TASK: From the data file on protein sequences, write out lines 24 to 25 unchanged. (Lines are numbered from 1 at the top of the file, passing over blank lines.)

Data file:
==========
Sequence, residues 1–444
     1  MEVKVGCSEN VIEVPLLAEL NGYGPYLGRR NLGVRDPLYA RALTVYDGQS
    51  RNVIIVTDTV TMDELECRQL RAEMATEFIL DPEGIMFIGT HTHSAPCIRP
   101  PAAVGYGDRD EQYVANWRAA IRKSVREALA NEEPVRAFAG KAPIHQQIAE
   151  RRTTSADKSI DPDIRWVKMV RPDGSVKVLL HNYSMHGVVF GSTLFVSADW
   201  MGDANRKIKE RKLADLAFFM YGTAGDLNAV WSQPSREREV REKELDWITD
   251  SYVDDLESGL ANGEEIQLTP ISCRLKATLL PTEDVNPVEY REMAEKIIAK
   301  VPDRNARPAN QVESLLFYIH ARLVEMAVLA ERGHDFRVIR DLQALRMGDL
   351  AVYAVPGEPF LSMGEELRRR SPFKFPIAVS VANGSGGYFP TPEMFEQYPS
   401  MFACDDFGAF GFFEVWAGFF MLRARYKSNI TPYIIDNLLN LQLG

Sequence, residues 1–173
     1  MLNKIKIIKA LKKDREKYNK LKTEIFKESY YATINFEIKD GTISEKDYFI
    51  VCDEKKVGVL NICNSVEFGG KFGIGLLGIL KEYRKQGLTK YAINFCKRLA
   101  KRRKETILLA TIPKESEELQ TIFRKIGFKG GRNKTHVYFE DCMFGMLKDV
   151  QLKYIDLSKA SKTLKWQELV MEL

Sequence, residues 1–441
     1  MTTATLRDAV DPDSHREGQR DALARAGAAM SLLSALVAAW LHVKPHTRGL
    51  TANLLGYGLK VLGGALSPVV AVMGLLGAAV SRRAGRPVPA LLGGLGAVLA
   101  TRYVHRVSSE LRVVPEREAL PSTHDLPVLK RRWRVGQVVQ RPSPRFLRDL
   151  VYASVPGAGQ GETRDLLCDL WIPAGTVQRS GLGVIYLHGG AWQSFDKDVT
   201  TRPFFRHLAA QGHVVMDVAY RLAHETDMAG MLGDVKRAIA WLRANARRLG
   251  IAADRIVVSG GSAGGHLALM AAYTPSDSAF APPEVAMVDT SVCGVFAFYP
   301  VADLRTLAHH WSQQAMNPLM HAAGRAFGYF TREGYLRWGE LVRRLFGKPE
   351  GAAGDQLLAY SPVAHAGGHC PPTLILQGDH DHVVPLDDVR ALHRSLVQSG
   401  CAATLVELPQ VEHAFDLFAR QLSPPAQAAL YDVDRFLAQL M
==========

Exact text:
   351  GAAGDQLLAY SPVAHAGGHC PPTLILQGDH DHVVPLDDVR ALHRSLVQSG
   401  CAATLVELPQ VEHAFDLFAR QLSPPAQAAL YDVDRFLAQL M